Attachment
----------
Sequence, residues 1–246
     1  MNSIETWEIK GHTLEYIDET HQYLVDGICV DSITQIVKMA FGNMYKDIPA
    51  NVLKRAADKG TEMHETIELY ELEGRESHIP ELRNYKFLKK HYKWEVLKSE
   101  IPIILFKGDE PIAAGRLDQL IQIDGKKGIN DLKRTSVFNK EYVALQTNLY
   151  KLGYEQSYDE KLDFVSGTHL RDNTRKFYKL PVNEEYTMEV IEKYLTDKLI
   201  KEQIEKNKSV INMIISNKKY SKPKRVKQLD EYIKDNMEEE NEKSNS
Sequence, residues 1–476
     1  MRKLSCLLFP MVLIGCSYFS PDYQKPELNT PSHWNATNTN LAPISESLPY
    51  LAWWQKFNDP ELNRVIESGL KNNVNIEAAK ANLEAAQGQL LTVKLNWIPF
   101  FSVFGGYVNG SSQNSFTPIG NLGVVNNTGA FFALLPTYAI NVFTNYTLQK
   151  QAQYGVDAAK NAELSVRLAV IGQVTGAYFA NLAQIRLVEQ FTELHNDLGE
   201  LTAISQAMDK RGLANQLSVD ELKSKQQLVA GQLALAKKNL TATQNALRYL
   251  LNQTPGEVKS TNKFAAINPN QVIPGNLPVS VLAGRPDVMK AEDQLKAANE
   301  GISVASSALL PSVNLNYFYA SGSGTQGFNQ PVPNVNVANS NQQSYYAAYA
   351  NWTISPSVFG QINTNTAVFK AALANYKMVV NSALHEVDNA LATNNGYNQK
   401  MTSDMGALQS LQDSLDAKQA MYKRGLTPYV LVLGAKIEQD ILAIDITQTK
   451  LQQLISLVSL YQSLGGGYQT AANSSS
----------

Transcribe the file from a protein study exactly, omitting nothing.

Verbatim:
Sequence, residues 1–246
     1  MNSIETWEIK GHTLEYIDET HQYLVDGICV DSITQIVKMA FGNMYKDIPA
    51  NVLKRAADKG TEMHETIELY ELEGRESHIP ELRNYKFLKK HYKWEVLKSE
   101  IPIILFKGDE PIAAGRLDQL IQIDGKKGIN DLKRTSVFNK EYVALQTNLY
   151  KLGYEQSYDE KLDFVSGTHL RDNTRKFYKL PVNEEYTMEV IEKYLTDKLI
   201  KEQIEKNKSV INMIISNKKY SKPKRVKQLD EYIKDNMEEE NEKSNS
Sequence, residues 1–476
     1  MRKLSCLLFP MVLIGCSYFS PDYQKPELNT PSHWNATNTN LAPISESLPY
    51  LAWWQKFNDP ELNRVIESGL KNNVNIEAAK ANLEAAQGQL LTVKLNWIPF
   101  FSVFGGYVNG SSQNSFTPIG NLGVVNNTGA FFALLPTYAI NVFTNYTLQK
   151  QAQYGVDAAK NAELSVRLAV IGQVTGAYFA NLAQIRLVEQ FTELHNDLGE
   201  LTAISQAMDK RGLANQLSVD ELKSKQQLVA GQLALAKKNL TATQNALRYL
   251  LNQTPGEVKS TNKFAAINPN QVIPGNLPVS VLAGRPDVMK AEDQLKAANE
   301  GISVASSALL PSVNLNYFYA SGSGTQGFNQ PVPNVNVANS NQQSYYAAYA
   351  NWTISPSVFG QINTNTAVFK AALANYKMVV NSALHEVDNA LATNNGYNQK
   401  MTSDMGALQS LQDSLDAKQA MYKRGLTPYV LVLGAKIEQD ILAIDITQTK
   451  LQQLISLVSL YQSLGGGYQT AANSSS